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Cancer Breath Test

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CLEVELAND, Ohio (Ivanhoe Newswire) - Each person breathes in and out about 14 times a minute. That adds up to 21,000 breaths a day, ten and a half million breaths a year. Each one says a lot about you, and not just if you need a mint. We explain how our breath could revolutionize disease diagnosis.

Failing a particular breath test could mean jail. Failing this one could mean cancer.

Doctors at Cleveland Clinic are working on a breath test that can detect liver, kidney, and heart disease.

"The way I look at breath testing, it's the new frontier of medical testing," Raed A. Dweik, M.D., Professor of Medicine, Director of the Pulmonary Vascular Program at the Cleveland Clinic told Ivanhoe.

That's because a lot of things, good or bad, make their way from your tissues to your blood and go through your lungs.

"Our breath works kind of like an exhaust system for the body. Depending on how the different body parts are working, the chemicals in the breath might be different," Peter Mazzone, M.D., a Lung Specialist at the Cleveland Clinic said.

Hi-tech sensors can detect differences up to a part per billion in a person's chemistry.

"To give you a concept, if you have baseball field filled with white ping pong balls, and only one red one. That's a part per billion. That's how sensitive these devices are," Dr. Dweik said.

Studies show the breath test to be 80 percent accurate in not only detecting lung cancer, but also the type, the stage, and how aggressive the cancer is.

Doctors hope the breath test will one day detect all types of cancer.

"That's the holy grail of breath testing," Dr. Dweik said.

Proving medicine's next big thing could be just a breath away.

Doctors at the Cleveland Clinic hope to have this in general practitioners' offices within five years. Soon after, they hope to develop a test that would work through your smart phone.

RESEARCH SUMMARY

BACKGROUND:

  • Liver disease: Liver problems include a wide range of diseases and conditions that can affect your liver. Your liver is an organ about the size of a football that sits just under your rib cage on the right side of your abdomen. Without your liver, you couldn't digest food and absorb nutrients, get rid of toxic substances from your body or stay alive. Liver problems can be inherited, or liver problems can occur in response to viruses and chemicals. Some liver problems are temporary and go away on their own, while other liver problems can last for a long time and lead to serious complications.
  • Kidney disease: Most kidney diseases attack the nephrons. This damage may leave kidneys unable to remove wastes. Causes can include genetic problems, injuries, or medicines. You are at greater risk for kidney disease if you have diabetes, high blood pressure, or a close family member with kidney disease.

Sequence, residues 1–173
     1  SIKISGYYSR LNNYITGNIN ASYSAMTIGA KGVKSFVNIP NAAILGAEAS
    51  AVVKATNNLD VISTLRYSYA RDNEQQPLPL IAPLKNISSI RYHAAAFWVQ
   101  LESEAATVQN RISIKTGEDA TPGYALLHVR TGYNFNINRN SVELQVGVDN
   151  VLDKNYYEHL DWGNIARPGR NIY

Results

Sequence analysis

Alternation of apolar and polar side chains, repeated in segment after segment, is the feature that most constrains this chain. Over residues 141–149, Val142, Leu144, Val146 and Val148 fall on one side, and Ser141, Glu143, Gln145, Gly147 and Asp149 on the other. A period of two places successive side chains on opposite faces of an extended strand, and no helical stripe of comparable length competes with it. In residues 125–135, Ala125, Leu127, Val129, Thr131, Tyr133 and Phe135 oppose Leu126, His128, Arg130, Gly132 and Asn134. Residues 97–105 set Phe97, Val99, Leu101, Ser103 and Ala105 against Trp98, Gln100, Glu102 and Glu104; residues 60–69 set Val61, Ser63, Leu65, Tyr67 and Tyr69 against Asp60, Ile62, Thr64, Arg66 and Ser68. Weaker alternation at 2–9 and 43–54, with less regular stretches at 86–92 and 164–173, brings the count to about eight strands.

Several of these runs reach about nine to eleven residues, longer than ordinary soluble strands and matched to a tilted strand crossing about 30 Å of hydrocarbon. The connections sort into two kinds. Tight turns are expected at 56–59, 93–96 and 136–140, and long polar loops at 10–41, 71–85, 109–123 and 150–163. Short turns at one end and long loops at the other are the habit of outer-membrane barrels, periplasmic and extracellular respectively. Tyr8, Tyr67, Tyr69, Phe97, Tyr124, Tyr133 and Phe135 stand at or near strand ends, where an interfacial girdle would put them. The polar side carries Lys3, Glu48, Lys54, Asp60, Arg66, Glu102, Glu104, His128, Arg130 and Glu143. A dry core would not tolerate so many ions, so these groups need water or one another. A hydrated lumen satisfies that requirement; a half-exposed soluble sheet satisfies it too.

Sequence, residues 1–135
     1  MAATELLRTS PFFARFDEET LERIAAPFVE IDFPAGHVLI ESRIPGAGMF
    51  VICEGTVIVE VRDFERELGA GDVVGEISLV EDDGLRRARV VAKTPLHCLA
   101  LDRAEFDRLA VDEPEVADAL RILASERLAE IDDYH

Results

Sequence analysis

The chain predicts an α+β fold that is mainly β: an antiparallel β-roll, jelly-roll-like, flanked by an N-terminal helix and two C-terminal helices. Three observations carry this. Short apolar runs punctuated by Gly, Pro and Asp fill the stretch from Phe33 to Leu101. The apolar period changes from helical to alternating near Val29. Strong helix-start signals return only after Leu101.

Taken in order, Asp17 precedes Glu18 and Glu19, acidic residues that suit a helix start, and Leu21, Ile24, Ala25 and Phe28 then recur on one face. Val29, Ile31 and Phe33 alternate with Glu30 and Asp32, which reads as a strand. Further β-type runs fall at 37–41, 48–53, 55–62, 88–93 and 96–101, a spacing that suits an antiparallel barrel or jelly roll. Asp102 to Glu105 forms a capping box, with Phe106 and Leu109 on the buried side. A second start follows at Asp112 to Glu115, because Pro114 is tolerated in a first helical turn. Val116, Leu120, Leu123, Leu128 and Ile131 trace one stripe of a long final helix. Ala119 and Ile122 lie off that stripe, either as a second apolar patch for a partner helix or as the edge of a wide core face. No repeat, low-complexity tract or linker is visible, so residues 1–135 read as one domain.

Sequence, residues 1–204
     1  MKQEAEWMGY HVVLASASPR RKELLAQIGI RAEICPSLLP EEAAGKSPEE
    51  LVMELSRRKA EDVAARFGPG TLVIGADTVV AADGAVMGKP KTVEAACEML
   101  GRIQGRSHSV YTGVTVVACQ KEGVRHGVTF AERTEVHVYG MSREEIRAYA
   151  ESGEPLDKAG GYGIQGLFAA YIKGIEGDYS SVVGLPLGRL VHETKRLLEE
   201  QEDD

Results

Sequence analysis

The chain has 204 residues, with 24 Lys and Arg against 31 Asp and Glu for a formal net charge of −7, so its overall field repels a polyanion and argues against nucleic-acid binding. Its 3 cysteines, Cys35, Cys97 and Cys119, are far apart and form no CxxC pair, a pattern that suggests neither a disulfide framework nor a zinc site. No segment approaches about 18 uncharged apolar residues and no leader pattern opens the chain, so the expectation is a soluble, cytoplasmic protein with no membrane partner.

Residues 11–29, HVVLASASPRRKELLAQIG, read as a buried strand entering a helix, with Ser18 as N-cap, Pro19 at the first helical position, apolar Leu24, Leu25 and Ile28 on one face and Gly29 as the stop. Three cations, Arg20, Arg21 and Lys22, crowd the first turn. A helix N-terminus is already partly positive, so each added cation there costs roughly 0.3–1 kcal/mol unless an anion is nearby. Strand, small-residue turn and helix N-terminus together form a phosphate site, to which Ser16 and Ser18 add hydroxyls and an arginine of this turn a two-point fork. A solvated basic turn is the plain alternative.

• Heart disease: Heart disease is a broad term used to describe a range of diseases that affect your heart. The various diseases that fall under the umbrella of heart disease include diseases of your blood vessels, such as coronary artery disease; heart rhythm problems (arrhythmias); heart infections; and heart defects you're born with (congenital heart defects). (Source: MayoClinic)

DIAGNOSIS:

  • Liver disease: Tests and procedures used to diagnose liver problems include blood tests, imaging tests, and tests of liver tissue.
  • Kidney disease: BUN (Blood Urea Nitrogen) is a blood test which assesses kidney function. Urea is a by-product of protein metabolism and is formed in the liver. Urea is filtered from the blood by the kidneys and excreted in the urine.
  • Heart disease: Blood tests, chest x-ray, electrocardiogram, holter monitoring, echocardiogram, cardiac catheterization, heart biopsy, cardiac computerized tomography (CT) scan, and cardiac magnetic resonance imaging (MRI) (Source: MayoClinic)

NEW TECHNOLOGY: Doctors at Cleveland Clinic are working on a breath test that can detect liver disease, kidney disease, and heart disease, among other things. When a person breathes into the "electronic nose" machine, it activates a sensor and changes its color based on chemicals in the breath. A miniature camera inside the machine takes pictures of the sensor and sends them to a computer, which stores the images and analyzes color changes to determine the type of cells present and diagnose patients while they're still in the office. A study in which breath samples were taken from 229 patients at the Clinic (92 with untreated lung cancer, the rest cancer-free but with a history of smoking) was 81 percent accurate for detecting lung cancer. The study also showed accuracy of between 83 percent and 89 percent for the kind of lung cancer a patient has and about 79 percent accuracy in distinguishing early-stage cancer from late stage, according to Metabolomx. (Source: Cleveland Clinic)

INTERVIEW

 

Raed Dweik, M.D., a Staff Physician at the Respiratory Institute, discusses a new breath test that could help to detect liver disease, cancer and possibly other diseases.